Education in Canada
Education has two main goals: to give individuals the opportunity to develop
themselves, and to provide society with the skills it needs to evolve in its best
interests. Canada’s educational system is based on finding a coordinated approach
to the pursuit of these sometimes conflicting goals. Comprehensive, diversified, and
available to everyone, the system reflects the Canadian belief in the importance of
Education in Canada consists of 10 provincial and two territorial systems, including
public schools, “separate” (i.e., denominational) schools, and private schools.
Children are required by law to attend school from the age of 6 or 7 until they are
15 or 16. To make it possible to fulfil this obligation, all non-private education
through secondary (or “high”) school is publicly funded. In Quebec, general and
vocational colleges (CEGEPs, or Colleges d’enseignement gnral et professionnel)
are also publicly funded and require only a minimal registration fee. Most other
post-secondary schools, however, charge tuition fees.
A provincial responsibility
Unlike many other industrialized countries, Canada has no federal educational
system: the Constitution vested the exclusive responsibility for education in the
provinces. Each provincial system, while similar to the others, reflects its particular
region, history, and culture. The provincial departments of education–headed by an
elected minister–set standards, draw up curriculums, and give grants to educational
Responsibility for the administration of elementary and secondary schools is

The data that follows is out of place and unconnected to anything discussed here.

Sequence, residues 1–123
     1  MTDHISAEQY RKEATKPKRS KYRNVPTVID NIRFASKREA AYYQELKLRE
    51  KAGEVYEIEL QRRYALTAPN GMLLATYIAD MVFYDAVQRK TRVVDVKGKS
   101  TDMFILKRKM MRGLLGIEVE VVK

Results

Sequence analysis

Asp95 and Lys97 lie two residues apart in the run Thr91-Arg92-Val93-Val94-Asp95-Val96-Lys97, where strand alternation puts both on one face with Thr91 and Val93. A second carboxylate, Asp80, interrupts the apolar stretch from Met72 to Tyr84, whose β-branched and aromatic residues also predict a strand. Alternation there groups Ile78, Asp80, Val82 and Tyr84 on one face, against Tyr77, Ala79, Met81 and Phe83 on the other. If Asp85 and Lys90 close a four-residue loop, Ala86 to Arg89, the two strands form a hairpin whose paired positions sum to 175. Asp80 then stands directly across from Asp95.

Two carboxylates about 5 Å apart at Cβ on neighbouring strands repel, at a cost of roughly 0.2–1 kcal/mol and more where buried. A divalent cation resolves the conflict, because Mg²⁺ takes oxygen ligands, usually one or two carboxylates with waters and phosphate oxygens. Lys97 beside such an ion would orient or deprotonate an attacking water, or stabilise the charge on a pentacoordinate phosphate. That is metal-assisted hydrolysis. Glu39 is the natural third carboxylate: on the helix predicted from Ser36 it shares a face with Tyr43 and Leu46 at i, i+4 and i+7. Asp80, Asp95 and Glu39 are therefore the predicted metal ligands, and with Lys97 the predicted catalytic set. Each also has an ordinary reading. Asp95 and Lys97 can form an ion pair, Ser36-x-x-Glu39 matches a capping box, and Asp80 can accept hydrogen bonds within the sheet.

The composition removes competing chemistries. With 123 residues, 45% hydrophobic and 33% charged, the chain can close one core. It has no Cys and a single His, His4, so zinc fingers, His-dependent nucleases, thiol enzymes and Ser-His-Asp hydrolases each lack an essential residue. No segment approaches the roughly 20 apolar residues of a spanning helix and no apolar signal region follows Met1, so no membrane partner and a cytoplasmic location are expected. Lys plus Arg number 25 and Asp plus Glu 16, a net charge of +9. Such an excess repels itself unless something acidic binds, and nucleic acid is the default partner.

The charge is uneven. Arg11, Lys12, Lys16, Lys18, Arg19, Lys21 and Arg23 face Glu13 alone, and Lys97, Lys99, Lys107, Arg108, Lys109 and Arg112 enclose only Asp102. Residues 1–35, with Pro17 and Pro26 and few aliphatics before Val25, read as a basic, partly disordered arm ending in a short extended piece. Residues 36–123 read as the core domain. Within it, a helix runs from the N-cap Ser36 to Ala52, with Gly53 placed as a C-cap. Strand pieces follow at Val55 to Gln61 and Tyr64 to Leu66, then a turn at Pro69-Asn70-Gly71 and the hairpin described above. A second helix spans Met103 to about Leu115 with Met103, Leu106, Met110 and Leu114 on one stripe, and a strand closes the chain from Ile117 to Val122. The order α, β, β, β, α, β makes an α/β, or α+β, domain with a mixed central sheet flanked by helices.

delegated to local elected school boards or commissions. The boards set budgets, hire
and negotiate with teachers, and shape school curriculums within provincial
A broad federal role
The federal government plays an indirect but vital role in education. It provides
financial support for post-secondary educ...
ation, labour market training, and the
teaching of the two official languages–especially second-language training. In
addition, it is responsible for the education of Aboriginals, armed forces personnel
and their dependants, and inmates of federal penal institutions. Overall, the federal
government pays over one-fifth of Canada’s yearly educational bill.
One important part of this contribution is the Canada Student Loans Program,
which assists students who do not have sufficient resources to pursue their studies.
The program provides loan guarantees and, in the case of full-time students, interest
subsidies to help meet the cost of studies at the post-secondary level. Provinces have
complementary programs of loans and bursaries.
Another federal initiative, scheduled to take effect in the year 2000, is Canada